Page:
Family Planning: UNFPA decries cut in 2019 budgetary provision


The United Nations Population Fund (UNFPA) has expressed concern over the slash in the 2019 budgetary provision for family planning in Nigeria by 86 per cent.

Dr. Eugene Kongnyuy, the Country Representative of UNFPA in Nigeria, made the disclosure on Thursday in Abuja during a luncheon organised for media chief executives as part of the activities lined up for the celebration of UNFPA at 50 and International Conference for Population Development (ICPD) at 25.

Kongnyuy said the worrisome development “practically means that by 2020, many Nigerians would be unable to have access to family planning services.”

He said that 2019 marked the 25th anniversary of the adoption of the landmark Programme of Action (PoA) at ICPD and that Nigeria was among the 179 countries that participated at the conference which took place in 1994 in Cairo, Egypt.

He said the conference was regarded as one of the most significant global conferences ever held on population and sustainable development issues.

He further said that the PoA reaffirmed that all couples and individuals had the basic right to decide freely and responsibly, the number and spacing of their children and to have the information, education and means to do so.

After sometimes, we are now seeing some changes. After agreeing that family planning is a human right, gender equality, ending maternal and infant mortality, we are now seeing polarization,’’ Kongnyuy said.

He said that currently, no fewer than 214 million women still had an unmet need for family planning.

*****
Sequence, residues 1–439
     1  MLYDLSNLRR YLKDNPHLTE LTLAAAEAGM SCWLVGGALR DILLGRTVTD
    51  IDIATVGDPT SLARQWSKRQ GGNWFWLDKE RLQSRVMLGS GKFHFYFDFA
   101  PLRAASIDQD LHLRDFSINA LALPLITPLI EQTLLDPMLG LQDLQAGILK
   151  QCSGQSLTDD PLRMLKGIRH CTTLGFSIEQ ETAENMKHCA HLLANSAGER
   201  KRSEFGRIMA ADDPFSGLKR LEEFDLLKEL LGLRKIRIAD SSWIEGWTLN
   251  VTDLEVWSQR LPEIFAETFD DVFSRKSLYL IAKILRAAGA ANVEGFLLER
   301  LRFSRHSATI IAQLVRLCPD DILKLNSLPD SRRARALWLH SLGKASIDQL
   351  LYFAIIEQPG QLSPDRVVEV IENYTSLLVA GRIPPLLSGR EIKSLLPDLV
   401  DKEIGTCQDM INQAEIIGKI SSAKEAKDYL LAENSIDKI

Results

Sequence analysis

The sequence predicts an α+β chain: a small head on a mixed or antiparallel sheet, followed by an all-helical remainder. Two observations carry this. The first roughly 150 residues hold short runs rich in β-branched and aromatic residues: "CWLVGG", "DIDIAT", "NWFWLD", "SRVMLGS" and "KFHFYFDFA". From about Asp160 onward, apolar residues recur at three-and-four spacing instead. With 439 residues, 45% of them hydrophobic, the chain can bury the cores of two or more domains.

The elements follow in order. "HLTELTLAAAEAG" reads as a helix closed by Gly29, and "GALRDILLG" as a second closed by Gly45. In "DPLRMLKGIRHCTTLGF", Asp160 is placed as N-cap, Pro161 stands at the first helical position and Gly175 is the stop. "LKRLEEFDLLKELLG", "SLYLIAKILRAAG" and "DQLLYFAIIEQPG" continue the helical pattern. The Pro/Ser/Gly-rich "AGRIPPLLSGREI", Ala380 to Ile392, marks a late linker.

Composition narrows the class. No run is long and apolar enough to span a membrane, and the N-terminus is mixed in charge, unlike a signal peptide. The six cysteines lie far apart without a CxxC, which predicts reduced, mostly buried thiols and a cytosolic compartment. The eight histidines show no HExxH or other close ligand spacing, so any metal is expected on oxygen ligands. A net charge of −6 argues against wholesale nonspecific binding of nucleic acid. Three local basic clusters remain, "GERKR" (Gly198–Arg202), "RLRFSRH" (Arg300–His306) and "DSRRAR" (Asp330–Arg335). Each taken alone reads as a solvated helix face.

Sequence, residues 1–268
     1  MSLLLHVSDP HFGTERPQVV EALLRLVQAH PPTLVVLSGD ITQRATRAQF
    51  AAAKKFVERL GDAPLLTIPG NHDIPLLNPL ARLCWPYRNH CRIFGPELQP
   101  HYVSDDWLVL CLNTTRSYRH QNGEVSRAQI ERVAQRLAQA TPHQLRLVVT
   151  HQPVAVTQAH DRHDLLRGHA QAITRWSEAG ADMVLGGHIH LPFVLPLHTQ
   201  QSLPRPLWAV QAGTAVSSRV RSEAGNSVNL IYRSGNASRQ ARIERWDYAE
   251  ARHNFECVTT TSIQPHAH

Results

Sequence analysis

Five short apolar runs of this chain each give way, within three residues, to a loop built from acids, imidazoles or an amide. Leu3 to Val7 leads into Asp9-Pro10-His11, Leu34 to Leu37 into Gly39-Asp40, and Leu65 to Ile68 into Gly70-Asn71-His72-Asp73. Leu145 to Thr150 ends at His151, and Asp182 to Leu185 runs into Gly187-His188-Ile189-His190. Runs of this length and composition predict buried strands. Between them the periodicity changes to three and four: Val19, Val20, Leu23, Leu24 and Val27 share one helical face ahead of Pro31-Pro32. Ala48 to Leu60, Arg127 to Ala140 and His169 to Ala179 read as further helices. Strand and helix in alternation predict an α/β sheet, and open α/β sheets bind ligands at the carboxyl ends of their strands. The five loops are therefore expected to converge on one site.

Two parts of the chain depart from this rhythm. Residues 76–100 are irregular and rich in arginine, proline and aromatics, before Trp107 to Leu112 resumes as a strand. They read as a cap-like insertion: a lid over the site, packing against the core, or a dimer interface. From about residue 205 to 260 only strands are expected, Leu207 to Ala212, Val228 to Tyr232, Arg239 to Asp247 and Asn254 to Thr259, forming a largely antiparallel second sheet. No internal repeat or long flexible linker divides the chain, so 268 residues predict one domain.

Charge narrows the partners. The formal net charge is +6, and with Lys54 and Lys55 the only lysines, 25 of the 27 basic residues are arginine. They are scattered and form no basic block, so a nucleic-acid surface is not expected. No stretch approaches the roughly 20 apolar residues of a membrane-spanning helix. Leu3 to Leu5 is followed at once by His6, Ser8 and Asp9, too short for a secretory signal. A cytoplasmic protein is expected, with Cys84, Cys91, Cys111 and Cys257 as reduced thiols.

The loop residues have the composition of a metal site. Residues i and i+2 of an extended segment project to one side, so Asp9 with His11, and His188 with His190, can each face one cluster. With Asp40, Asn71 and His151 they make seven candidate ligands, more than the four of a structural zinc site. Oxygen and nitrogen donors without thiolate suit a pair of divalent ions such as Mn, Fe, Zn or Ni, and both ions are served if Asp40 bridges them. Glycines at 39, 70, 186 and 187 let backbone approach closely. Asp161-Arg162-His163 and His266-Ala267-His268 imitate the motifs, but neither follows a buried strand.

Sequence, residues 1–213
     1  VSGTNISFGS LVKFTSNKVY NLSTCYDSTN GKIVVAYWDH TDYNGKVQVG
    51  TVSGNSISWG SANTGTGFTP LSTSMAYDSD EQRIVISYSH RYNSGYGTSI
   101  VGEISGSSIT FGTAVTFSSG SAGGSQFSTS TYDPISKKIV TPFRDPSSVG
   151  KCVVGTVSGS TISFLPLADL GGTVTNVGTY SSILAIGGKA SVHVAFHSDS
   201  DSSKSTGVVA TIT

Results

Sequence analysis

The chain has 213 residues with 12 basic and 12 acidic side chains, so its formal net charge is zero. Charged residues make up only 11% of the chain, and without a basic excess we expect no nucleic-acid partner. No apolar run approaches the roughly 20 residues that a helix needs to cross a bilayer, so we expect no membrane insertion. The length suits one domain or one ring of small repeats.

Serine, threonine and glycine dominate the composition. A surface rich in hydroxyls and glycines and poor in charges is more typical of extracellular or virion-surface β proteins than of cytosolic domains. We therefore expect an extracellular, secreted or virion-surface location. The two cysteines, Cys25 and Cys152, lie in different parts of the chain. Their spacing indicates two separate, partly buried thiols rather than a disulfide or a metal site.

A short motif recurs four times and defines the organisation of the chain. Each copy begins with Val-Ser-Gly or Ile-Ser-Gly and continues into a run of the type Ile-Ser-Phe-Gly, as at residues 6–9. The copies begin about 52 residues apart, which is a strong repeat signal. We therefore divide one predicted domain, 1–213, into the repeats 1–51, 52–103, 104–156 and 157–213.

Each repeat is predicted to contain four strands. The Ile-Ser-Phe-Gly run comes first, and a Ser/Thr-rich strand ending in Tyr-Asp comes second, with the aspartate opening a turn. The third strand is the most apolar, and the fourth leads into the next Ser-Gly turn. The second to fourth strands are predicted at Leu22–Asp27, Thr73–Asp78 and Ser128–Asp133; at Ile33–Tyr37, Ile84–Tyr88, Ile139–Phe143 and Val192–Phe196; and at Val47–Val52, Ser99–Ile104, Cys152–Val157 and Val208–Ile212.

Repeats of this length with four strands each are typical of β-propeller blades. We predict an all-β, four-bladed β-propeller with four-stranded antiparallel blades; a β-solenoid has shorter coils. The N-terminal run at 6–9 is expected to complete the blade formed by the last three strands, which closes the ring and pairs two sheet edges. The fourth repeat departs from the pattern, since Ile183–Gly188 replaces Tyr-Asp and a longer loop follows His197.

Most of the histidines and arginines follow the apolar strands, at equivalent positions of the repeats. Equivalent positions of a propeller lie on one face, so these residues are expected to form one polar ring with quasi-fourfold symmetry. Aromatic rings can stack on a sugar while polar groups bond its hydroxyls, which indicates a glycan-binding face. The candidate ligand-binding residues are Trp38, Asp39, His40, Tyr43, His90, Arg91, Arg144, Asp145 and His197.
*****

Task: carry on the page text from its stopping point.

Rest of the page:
He also said that available statistics show that 800 women die globally every day of maternal related issues, out of which 111 are Nigerians.


“This is still unacceptable; the death was due to simple health system issue that we can easily correct, why will it keep recurring? Birth is a human right issue, and maternal mortality is a measure that indicates whether the health system is good or bad. Very high maternal mortality tells you that more people are dying,’’ he said.

Kongnyuy said UNFPA started in 1967 as a Trust Fund within a UN system under the UNDP, adding that donors put money to the agency for population activities.

Kongnyuy said that UNFPA was a UN sexual and reproductive right agency, with focus on the aspect of Health and Human Rights, promoting the sexual and reproductive health rights of women.

He further said that the agency was meant to ensure that every woman and man enjoyed equal rights and opportunities through specific focus on sexual and reproductive rights for adults and young people.

Bilkisu Pai